Guest Post: Brahim El Guabli introduces Tunisian poet Mohamed Saghir Ouled Ahmed

Tunisian poet Mohamed Saghir Ouled Ahmed

A recent issue of the pan-African literary magazine Chimurenga reminded us that "The Sahara is Not a Boundary." The 4th volume of the Poems for the Millennium project, on North African poetry, is one marvelous collection of work. This week the African poetry commentary series roars back to life with a wonderful guest post by scholar and translator Brahim El Guabli introducing one of Tunisia's most daring poets, Mohamed Saghir Ouled Ahmed. If Pierre Joris and Habib Tengour have whetted your appetite, here's a chance to discover another voice from the Maghreb.

Poetics of Sedition in the Maghreb: Mohamed Sghir Ouled Ahmed

Mohamed Saghir Ouled Ahmed (b. 1955) is probably Tunisia's most prominent Arabic poet today. His birth in the southern city of Sidi Bouzid, which was the breeding ground of the December 2010 Tunisian Revolution, further consecrated his status as Tunisia's contemporary, “conscience of the nation.” During his long career, which he began at the age of fourteen, Ouled Ahmed produced at least five collections of poetry: The Rhapsody of the Six Days (1988), But I Am Ahmad (1989),  I Have No Problem (1989), The South of the Water (1991) and The Will (2000).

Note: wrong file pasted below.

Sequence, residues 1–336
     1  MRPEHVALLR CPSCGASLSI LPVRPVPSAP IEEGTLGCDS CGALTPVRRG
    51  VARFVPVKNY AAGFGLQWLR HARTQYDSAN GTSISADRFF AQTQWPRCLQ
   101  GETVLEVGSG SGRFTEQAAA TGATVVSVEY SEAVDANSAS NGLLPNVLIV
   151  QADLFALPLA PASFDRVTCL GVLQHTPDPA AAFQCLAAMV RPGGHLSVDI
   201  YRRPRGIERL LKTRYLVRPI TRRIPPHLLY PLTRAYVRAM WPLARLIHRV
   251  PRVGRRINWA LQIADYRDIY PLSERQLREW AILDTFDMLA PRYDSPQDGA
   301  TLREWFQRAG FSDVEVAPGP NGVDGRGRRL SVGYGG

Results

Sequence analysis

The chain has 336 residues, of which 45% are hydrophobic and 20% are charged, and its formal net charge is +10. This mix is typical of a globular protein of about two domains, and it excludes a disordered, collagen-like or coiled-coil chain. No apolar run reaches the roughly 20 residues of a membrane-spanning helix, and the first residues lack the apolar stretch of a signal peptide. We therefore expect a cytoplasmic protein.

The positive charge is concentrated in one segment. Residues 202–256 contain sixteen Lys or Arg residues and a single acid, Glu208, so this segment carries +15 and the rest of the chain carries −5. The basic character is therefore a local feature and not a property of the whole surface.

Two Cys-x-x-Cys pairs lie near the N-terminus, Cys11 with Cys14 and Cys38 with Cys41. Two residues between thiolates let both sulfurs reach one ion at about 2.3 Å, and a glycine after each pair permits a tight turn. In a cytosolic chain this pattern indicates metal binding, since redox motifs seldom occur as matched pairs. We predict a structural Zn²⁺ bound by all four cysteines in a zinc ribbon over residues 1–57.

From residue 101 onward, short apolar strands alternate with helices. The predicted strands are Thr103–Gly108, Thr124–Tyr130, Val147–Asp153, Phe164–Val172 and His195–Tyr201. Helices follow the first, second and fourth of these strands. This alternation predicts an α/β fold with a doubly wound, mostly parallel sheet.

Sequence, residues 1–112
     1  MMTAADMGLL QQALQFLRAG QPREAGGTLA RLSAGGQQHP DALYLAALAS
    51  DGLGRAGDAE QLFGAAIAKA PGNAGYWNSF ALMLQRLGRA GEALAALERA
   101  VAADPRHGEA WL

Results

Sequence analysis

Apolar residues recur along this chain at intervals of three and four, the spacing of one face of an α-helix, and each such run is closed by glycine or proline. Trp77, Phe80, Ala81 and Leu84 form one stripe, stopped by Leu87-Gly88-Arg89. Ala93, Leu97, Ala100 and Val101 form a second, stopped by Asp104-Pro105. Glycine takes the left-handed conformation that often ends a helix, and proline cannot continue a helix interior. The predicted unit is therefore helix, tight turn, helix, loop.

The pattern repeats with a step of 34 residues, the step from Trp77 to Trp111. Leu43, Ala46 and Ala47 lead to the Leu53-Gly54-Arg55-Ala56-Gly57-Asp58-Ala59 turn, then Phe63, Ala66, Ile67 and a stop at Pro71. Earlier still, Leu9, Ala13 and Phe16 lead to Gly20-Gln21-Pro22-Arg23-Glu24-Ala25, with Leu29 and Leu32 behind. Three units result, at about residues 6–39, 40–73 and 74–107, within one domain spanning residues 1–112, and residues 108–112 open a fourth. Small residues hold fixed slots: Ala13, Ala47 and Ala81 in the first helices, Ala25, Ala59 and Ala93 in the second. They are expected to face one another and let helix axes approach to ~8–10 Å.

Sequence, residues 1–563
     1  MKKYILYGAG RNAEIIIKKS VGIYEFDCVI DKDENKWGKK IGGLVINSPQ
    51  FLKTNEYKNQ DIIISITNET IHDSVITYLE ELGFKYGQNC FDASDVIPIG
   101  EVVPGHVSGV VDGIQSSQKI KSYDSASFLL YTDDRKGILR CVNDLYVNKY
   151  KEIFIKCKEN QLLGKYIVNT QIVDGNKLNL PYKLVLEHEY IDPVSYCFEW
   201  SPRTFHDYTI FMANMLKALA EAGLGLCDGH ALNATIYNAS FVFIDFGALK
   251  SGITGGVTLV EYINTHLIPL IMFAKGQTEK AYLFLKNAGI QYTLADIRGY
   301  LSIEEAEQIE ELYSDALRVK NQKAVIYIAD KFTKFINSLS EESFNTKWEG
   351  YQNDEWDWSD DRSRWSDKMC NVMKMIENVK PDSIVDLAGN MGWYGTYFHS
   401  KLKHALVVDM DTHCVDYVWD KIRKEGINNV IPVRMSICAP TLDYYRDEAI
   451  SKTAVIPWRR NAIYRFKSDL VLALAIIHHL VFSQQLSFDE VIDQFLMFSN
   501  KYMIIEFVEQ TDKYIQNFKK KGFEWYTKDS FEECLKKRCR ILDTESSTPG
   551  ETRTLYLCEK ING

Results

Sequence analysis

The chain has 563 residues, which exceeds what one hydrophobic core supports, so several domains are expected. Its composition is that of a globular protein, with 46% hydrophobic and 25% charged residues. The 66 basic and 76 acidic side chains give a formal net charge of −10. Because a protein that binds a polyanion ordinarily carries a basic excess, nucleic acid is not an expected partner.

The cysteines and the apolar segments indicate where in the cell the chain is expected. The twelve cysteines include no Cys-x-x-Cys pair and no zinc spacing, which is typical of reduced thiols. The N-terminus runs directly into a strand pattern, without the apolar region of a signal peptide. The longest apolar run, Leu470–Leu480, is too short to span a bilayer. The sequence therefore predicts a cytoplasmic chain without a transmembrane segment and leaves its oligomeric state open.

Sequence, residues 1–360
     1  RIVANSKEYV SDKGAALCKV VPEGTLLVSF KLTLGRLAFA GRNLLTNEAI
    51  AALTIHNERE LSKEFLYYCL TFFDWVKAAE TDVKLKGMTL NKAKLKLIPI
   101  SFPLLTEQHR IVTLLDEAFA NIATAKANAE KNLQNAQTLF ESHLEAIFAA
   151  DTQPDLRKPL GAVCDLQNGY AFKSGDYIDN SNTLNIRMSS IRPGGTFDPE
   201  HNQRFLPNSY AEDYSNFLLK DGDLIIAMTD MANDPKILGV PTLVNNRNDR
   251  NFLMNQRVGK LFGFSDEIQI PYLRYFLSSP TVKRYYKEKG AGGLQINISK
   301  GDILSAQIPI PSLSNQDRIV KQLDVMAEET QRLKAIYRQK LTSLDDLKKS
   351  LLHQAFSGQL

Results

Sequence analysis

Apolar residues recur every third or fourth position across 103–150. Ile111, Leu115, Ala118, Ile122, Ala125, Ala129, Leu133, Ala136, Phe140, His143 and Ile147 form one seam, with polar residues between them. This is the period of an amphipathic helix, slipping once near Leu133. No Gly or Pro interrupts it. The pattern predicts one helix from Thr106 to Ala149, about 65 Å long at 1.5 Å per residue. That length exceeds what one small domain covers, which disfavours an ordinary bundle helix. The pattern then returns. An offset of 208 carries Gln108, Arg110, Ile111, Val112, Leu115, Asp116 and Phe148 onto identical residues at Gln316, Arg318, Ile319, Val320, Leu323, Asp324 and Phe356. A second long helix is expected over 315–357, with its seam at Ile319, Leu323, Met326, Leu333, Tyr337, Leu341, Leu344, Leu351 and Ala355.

Publishing Genius interview!

Adam Robinson of Publishing Genius talks about the philosophy of the press.

I interviewed Adam Robinson, editor and founder of Publishing Genius, about the press. If you want to learn more, or to order books, see www.publishinggenius.com.  They have been around, making books, for almost ten years.

a. Who started the press, and what are your hopes for its future?

I started Publishing Genius in 2006. It has gone through a few different stages, first publishing broadsides and then chapbooks, then short books of poetry — poetry is usually short, right, like somehow most poetry books end up being 88 pages long — and novellas, and then eventually more traditional books. At least traditional in terms of length.

An interview with Noemi Press

A new interview with yet another fab press!

If you've heard of Noemi Press, you're in good company! They answered my questions eagerly, and here are the details. If you're so inclined, after reading this, you can find their books online at http://www.noemipress.org. Read on to find out more!

a. How did Noemi get its start, and who was behind it?